A Revolutionary Who Won over Victorian Liberals: Asquith, Lloyd George and Winston Churchill All Backed Proposals to End the Landlords' Monopoly. So, Mr Blair, What about You?

By Hunt, Tristram | New Statesman (1996), September 20, 2004 | Go to article overview

A Revolutionary Who Won over Victorian Liberals: Asquith, Lloyd George and Winston Churchill All Backed Proposals to End the Landlords' Monopoly. So, Mr Blair, What about You?


Hunt, Tristram, New Statesman (1996)


While land reform has been alive in British radical thinking since 1066, it was an American who managed to craft the first credible programme for change. Medieval critics of the "Norman Yoke", the Diggers and Levellers of the English civil war, and the 18th-century opponents of land enclosure had all longed without success for the return of a golden age in which land would be equitably distributed according to need. But the campaigning California journalist Henry George transformed nostalgia into public policy with a tour through 1880s Britain, energising public opinion and making land reform the foundation stone of progressive politics.

Late 19th-century Britain enjoyed a wealth of radical debate. New ideas, new movements and new leaders were systematically unpicking the intellectual hegemony of mid-Victorian laissezfaire. In the town halls of Birmingham, Glasgow and London, the coming creed of municipal socialism was displaying the practical benefits of an activist council; the works of Marx and Engels were being translated and distributed; even John Stuart Mill, the high priest of negative liberty, was turning his attention in "Chapters on Socialism" towards a future ideal of communal harmony. Mill showed that forms of property ownership, rather than being the sacrosanct foundations of modern society, simply reflected the cultural ethos of each civilisation. Private property had no unimpeachable status.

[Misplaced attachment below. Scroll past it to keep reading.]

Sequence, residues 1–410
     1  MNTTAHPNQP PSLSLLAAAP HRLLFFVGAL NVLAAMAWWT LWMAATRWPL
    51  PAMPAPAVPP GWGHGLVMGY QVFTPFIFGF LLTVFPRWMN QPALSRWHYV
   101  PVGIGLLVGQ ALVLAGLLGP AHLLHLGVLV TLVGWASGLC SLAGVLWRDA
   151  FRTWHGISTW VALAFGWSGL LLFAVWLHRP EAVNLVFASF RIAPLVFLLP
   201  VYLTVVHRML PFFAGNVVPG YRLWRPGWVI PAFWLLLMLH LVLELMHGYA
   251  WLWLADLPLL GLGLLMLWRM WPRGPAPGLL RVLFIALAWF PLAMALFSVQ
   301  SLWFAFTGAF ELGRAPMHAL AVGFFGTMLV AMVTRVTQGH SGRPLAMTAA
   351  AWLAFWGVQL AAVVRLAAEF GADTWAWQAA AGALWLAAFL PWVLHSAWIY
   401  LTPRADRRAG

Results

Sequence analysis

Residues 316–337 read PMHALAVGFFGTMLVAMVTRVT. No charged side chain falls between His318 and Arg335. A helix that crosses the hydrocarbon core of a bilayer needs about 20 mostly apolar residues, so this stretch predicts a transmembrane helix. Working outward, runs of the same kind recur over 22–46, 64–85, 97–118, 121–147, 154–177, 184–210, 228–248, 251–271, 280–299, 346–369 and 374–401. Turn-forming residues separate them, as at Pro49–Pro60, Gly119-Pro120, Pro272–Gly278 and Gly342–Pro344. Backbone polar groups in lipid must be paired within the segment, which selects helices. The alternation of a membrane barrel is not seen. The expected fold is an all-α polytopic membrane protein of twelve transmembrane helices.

At the same time, there was a growing awareness that the wealth wrought by the industrial revolution and empire was not being evenly spread. The 1880s downturn witnessed the rediscovery of poverty as the dark continents of outcast London, Manchester and Liverpool were traversed by growing numbers of journalists and social investigators. While W T Stead exposed in the Pall Mall Gazette the immoral underbelly of the capital, Charles Booth walked the streets of the East End to discover rates of poverty far higher than even the socialists had predicted. As Beatrice Webb put it, there was "a growing uneasiness ... that the industrial organisation, which had yielded rent, interest, and profits on a stupendous scale, had failed to provide a decent livelihood and tolerable conditions for a majority of the inhabitants of Great Britain".

Into this fertile intellectual terrain stepped Henry George to deliver a series of lectures on his book, Progress and Poverty (1879). Initially employed in Ireland as an American correspondent for Irish World, he soon immersed himself in Irish politics and caught the nationalists' attention with his case for land reform. He was arrested for speaking out against the British--a political coup which made his eventual entry into British public life all the more anticipated. Thousands turned up to hear his lectures; tens of thousands read his book.

[ILLUSTRATION OMITTED]

After 80 years of economic growth, George considered that "the association of poverty with progress [is] the great enigma of the day". Moreover, it was in the most highly developed capitalist economies such as the United States and Great Britain that were found "the deepest poverty, the sharpest struggle for existence, the most enforced idleness". An Atlanticist radical in the vein of Paine and Cobbett, George identified the problem as one of monopoly. …

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